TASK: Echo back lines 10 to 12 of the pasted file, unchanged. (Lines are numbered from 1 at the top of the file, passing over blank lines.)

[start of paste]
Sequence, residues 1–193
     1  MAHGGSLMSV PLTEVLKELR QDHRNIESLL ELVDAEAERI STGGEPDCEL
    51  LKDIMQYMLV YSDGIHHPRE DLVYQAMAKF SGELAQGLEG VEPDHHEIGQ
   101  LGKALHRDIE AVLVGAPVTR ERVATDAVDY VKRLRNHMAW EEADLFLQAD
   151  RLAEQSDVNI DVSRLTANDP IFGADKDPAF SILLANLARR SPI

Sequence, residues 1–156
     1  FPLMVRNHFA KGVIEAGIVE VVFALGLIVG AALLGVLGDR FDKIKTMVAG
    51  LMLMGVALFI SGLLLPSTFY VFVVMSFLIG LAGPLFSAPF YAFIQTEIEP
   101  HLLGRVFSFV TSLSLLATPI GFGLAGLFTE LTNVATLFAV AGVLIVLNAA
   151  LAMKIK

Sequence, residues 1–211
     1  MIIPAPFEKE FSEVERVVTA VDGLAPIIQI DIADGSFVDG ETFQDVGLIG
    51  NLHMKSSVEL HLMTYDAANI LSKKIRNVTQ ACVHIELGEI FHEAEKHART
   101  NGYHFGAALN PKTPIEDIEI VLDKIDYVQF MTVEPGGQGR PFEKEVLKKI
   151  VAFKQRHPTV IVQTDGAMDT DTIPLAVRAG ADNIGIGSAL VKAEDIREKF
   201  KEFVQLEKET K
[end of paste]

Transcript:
   151  LAMKIK

Sequence, residues 1–211
     1  MIIPAPFEKE FSEVERVVTA VDGLAPIIQI DIADGSFVDG ETFQDVGLIG